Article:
PLATTSBURGH — North Country lawmakers are hoping the tentative state budget agreement will prove a step in the right direction.
"There's no new taxes, spending has been cut, and there is no new borrowing," Sen. Betty Little (R-Queensbury) said.
"Hopefully, this will help spur some economic growth, which would be good for the North Country."
DEVIL IN DETAILS
Gov. Andrew Cuomo, Senate Majority Leader Dean Skelos and Assembly Speaker Sheldon Silver have reached a tentative agreement on a $132.5 billion budget that features significant spending cuts.
The budget is due April 1, which is Friday, and lawmakers are hoping the deal is approved by then.
"I'm happy they have a budget agreement, but the devil is always in the details," said Clinton County Administrator Michael Zurlo.
Conference committees from both houses will meet this week to finalize the plan, and more details are expected to emerge as the week goes on.
Assemblywoman Janet Duprey (R-Peru) said it is important to get a budget done on time this year. The state budget has been late many years going back to the 1980s.
"We need an on-time budget for everybody," Duprey said.
"As difficult as it might be, people need to know what it is."
While details of the spending plan were still being ironed out, Duprey said, she will be watching closely, especially at how prisons would be affected.
Cuomo's plan calls for a reduction of 3,700 beds in state correction facilities, but how that would be implemented had not been revealed yet.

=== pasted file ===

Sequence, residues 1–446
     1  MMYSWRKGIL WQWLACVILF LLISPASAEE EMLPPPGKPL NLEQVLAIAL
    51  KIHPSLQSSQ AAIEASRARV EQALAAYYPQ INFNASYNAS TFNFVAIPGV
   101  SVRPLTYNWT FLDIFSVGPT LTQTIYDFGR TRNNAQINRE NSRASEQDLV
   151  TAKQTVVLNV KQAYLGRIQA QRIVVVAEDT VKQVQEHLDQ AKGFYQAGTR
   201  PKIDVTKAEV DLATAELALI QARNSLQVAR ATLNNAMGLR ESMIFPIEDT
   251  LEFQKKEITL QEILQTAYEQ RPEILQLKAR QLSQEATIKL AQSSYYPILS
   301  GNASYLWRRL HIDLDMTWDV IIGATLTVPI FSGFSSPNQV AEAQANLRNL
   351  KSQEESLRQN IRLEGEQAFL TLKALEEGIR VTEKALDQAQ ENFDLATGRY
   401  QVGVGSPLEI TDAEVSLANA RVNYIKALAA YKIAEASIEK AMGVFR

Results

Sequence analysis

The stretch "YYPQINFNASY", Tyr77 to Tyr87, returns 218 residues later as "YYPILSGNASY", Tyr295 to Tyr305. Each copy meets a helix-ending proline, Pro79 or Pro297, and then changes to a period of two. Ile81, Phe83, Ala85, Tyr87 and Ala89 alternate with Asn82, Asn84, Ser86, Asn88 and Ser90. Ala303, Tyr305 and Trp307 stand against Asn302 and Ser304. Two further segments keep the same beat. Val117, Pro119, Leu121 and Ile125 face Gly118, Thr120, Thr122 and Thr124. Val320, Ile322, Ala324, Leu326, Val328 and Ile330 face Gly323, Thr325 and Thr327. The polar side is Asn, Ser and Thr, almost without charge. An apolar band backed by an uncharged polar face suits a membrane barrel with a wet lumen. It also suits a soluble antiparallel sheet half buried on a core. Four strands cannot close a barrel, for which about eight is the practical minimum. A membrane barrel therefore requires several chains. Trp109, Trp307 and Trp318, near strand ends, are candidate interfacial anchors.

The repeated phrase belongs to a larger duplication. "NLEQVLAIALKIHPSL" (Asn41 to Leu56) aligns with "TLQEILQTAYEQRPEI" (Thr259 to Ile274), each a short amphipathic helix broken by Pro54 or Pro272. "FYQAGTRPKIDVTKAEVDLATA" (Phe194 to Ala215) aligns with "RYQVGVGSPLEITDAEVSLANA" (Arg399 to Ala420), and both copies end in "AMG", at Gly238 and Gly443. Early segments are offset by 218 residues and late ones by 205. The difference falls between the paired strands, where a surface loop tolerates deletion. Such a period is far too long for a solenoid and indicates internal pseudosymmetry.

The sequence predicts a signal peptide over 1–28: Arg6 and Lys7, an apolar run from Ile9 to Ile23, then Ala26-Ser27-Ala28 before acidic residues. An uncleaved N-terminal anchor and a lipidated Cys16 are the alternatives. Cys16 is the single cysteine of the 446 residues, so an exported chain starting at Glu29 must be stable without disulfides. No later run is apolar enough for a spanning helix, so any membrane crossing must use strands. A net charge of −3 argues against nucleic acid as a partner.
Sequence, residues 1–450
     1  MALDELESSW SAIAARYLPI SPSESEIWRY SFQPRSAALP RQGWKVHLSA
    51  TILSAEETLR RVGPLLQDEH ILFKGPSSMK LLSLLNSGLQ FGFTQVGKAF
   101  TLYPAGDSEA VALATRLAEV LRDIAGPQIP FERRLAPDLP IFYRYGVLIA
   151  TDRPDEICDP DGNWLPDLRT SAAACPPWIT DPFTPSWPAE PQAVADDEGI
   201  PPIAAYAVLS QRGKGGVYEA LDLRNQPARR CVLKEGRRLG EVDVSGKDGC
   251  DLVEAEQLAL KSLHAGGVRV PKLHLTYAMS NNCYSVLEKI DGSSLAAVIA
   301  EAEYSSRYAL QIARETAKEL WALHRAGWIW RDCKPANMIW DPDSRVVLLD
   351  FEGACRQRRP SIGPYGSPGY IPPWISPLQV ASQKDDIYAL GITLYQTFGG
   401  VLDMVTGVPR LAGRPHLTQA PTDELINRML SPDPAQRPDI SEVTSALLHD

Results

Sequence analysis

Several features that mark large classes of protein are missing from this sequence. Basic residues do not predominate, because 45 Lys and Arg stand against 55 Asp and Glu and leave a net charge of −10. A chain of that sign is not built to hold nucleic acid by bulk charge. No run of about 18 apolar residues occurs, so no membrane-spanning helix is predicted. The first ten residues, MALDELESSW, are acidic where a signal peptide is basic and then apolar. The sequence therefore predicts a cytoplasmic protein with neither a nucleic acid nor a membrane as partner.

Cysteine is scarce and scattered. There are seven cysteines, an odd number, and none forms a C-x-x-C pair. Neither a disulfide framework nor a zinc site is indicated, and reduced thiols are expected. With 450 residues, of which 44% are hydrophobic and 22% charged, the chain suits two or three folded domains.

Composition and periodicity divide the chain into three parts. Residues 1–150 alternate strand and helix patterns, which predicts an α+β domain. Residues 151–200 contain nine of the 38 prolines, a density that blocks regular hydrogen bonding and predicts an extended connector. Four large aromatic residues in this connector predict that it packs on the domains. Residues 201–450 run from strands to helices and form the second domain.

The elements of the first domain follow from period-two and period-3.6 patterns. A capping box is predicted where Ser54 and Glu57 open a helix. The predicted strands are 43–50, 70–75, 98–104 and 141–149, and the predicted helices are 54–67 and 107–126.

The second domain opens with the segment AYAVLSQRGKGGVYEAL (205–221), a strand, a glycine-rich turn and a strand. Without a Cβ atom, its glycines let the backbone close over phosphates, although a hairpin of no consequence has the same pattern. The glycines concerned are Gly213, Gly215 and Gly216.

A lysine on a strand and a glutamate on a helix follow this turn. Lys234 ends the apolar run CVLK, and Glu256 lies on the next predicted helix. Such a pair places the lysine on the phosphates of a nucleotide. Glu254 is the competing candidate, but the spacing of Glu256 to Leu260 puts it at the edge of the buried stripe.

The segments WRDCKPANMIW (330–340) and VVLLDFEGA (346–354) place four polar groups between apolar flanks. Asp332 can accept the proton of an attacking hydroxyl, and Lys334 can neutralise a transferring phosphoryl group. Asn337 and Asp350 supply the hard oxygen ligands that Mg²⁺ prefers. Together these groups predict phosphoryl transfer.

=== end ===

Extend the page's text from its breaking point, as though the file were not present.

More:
"We are always concerned about that," Duprey said. "There have been no lists yet, but we will be reaching out to those we have to and keep a close eye on it."
Assemblywoman Teresa Sayward (R-Willsboro) hopes the proposed budget will lead to reducing the state's $10 billion deficit.
"Spending needed to be curtailed because we were spending outside our limits, and we just can't keep doing that," she said.
NO TAX CAP
Little hopes the budget approach this year will send the right message.
"We need to change the perception of this state as one with high taxes and a lot of regulations so more businesses will want to come here, and hopefully, this is a start," she said.
County executives across the state have been lobbying Albany for a 2-percent property-tax cap that would be accompanied with a mandate-relief package.
Committees were established by the governor, who took office, Jan. 1, to study those ideas earlier this year. But recommendations did not make it into the budget agreement.
Duprey said a few months is not long enough for the state to tackle such large issues as a tax cap and mandate relief.
"It might be better to get it away from the intensity of the budget process and sit down and come up with some meaningful plans."
MAYBE ON TIME
City of Plattsburgh Mayor Donald Kasprzak said he was disappointed there was no mandate relief.
"Mandates directly affect every city, town, village and county in this state, and until this issue is resolved there can be no long-term fiscal success in this state," he said.
"A tax cap has to go along with meaningful mandate relief, regardless of when it is approved," he said.
Little, Duprey and Sayward all said they believe a final budget plan will be approved in the next few days.
In the past, special-interest groups have picked apart tentative budget agreements at the last minute, causing the April 1 deadline to be missed.
Little said she does not see that happening this year.
"A lot of them got a little of something, so I don't see them complaining as much.
"At some point they need a dose of reality, and they have to understand that it's not business as usual anymore."
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